Every once in a while, someone writes something that makes a murky, complicated, frustrating issue seem crystal clear.

This post by Eric Fischer is one of those. Doing yeoman’s work, Fischer transcribed decades’ worth of San Francisco housing prices and other data. Among his findings:

  • Though we talk about the Bay Area’s housing crisis as if it were a recent phenomenon, Fischer finds that housing prices have been appreciating at a steady 6.6 percent pace for the last 60 years. In real terms—that is, adjusting for inflation—they’ve been appreciating at about 2.5 percent annually. That doesn’t sound like much, but when it happens for 60 years in a row, it means that housing prices have quadrupled, after inflation, since 1956.
  • We know that housing prices are the result of exceedingly complex market and regulatory systems. But Fischer shows that variations in price over the last four decades can be predicted pretty well using just three variables: employment growth, wage growth, and housing construction.

Both of these have obvious follow-up questions—which Fischer asks and (mostly) answers.

First, if San Francisco’s housing crisis actually started 60 years ago, what triggered it? Well, the housing construction cycle that ended in 1954 was the last in which the city had large tracts of greenfield land. After that, housing could really only be added at scale with infill—but by then, zoning had already been enacted to make that much more difficult. In other words, because it has been unwilling to allow large-scale redevelopment, San Francisco has been steadily under-building basically since it ran out of open land.

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Second, if you can mostly predict housing prices with just three variables, how much influence does each have? Of course, correlation is not causation, and as Fischer admits, small tweaks to the model could produce notably different results—so these should be treated as broad trends, not precise measurements. But in Fischer’s model, a one percent increase in employment is associated with a 0.95 percent increase in rents; a one percent increase in wages is associated with a 1.74 percent increase in rents; and a one percent increase in the housing stock is associated with a 1.70 percent decrease in rents.

If we treat those as roughly accurate, that suggests that to return to 1981-era prices, when inflation-adjusted rents were about two-thirds lower, employment would have to fall by 51 percent, or wages would have to fall by 44 percent, or the housing stock would have to grow by 53 percent.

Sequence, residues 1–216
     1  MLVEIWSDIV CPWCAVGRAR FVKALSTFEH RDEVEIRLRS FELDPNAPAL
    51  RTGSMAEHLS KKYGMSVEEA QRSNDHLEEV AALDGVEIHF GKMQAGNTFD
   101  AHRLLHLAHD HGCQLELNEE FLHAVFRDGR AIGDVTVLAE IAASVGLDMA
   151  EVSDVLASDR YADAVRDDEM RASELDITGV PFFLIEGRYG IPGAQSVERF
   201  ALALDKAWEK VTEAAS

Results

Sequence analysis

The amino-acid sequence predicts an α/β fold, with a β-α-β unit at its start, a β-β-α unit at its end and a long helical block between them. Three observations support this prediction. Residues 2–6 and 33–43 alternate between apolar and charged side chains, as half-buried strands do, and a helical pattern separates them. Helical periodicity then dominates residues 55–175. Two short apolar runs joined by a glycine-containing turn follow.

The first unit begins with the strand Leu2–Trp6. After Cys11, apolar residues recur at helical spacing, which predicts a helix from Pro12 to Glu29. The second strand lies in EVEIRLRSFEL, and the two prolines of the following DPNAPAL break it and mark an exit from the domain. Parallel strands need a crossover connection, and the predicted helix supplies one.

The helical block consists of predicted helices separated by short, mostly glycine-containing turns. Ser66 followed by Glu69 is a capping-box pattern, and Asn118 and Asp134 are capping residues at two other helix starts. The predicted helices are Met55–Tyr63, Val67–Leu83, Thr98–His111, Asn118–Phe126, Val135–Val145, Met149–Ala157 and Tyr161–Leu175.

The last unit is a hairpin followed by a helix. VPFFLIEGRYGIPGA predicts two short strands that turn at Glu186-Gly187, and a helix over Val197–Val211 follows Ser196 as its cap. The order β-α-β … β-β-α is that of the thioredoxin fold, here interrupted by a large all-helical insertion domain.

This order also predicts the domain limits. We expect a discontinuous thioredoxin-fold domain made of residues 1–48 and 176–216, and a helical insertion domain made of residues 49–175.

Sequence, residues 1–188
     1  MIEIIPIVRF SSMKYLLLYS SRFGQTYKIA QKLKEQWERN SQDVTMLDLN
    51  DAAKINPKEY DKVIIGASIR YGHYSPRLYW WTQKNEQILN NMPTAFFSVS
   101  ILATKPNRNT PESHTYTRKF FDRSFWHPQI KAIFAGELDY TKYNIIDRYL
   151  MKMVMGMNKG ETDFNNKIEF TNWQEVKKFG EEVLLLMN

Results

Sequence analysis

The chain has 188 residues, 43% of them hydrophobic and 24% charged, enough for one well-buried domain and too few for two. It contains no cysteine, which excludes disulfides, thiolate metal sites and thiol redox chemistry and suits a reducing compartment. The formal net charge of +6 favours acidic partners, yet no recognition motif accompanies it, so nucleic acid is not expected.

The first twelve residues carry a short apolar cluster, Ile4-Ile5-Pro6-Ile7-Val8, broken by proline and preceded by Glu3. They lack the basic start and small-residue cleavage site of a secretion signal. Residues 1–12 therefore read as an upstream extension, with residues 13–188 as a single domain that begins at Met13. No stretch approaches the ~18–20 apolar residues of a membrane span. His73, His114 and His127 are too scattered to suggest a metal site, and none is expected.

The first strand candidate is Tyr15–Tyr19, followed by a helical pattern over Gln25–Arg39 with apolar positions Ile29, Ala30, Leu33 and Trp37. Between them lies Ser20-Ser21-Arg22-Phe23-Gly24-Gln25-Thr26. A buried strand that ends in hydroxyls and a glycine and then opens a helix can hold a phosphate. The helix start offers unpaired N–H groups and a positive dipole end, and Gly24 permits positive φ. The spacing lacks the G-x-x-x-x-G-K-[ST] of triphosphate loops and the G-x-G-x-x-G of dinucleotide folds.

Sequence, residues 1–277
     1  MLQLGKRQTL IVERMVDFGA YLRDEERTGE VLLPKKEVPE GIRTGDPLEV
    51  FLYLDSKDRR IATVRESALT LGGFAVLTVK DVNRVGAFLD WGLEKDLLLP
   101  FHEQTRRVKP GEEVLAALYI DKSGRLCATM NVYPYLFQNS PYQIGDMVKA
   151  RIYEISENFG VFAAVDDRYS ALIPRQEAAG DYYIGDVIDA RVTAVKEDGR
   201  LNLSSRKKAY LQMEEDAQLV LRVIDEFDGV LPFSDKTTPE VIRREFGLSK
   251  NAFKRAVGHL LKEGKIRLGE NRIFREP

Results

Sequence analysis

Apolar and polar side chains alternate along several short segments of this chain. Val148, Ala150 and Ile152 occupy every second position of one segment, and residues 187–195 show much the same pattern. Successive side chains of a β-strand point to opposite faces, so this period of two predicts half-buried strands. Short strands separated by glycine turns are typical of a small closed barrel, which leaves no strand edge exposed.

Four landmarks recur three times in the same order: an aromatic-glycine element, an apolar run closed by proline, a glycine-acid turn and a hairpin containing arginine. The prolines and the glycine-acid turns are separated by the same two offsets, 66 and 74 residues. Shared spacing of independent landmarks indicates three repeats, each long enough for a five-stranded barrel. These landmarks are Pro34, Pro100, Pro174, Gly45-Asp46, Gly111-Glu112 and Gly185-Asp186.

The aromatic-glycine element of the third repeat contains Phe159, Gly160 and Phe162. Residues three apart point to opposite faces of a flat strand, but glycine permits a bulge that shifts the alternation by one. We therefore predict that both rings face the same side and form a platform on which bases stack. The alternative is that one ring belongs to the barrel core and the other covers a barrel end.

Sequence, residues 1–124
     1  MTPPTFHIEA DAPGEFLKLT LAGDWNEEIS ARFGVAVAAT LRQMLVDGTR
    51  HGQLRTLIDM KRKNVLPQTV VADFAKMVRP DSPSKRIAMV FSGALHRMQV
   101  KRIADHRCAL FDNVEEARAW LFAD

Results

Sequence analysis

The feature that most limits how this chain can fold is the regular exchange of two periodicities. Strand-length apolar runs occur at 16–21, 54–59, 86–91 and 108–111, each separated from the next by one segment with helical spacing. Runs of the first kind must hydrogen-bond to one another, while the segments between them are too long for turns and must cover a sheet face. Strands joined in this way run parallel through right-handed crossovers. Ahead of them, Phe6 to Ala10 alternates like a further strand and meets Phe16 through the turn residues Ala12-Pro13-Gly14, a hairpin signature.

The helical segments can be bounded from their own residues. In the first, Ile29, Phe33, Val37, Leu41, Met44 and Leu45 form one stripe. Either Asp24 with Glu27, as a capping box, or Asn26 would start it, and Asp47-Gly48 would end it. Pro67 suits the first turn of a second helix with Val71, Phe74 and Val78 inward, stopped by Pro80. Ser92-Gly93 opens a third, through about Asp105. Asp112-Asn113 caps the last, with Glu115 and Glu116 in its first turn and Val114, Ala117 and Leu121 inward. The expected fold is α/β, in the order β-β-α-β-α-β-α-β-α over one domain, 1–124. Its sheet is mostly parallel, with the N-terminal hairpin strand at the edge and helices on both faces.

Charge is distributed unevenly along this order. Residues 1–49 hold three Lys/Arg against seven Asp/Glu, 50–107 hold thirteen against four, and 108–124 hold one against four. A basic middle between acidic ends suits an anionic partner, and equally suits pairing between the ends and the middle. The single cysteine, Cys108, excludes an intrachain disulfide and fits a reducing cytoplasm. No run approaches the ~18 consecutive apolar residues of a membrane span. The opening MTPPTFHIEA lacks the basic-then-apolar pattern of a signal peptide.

Michael Anderson of Bike Portland took a look at these numbers and despaired. And he’s not wrong: clearly losing half of all the jobs in San Francisco, or cutting everyone’s income in half, would be disastrous; and building 200,000 new units of housing in a city that permitted just over 3,600 last year seems more than a little out of reach. (And of course, every year that employment or wages rise, that needed housing number goes up, too.)

But Anderson also points out that even if there were no regulatory constraints on building housing, development would surely grind to a halt way before prices could fall down to semi-reasonable levels, as developers realized they could no longer count on the rental revenue they had based their loans on.

Credit: Anh Dinh, Flickr
Credit: Anh Dinh, Flickr


In fact, this brings up a point that is often elided when we talk about places, like San Francisco, where prices have gotten totally out of control: A rapid “correction” to those prices would, in many ways, be an economic crisis. Nearly every homeowner would find themselves tens or hundreds of thousands of dollars underwater on their home, probably causing a massive region-wide foreclosure crisis; renters would also be affected, as their landlords would also be underwater or even bankrupt, many stuck with mortgages based on valuations that anticipated rents three or four times higher than their new, more reasonable levels.

In America, no democratically elected government could ever propose, let alone enact, a policy with these consequences. Rather, San Francisco’s best hope is to build enough to prevent more price increases above inflation, and maybe even keep price appreciation below inflation, so that over the coming decades prices can float down to a more reasonable level without ruining every property owner in the city—and, in the meanwhile, produce as much non-market housing as possible. (Universal housing vouchers or housing tax credits would help.)

Fischer’s work, then, might best serve as a warning to other cities: housing crises, driven in part by supply shortfalls, build up over decades—and once they’ve been going on that long, the path back down the mountain is perilous and slow.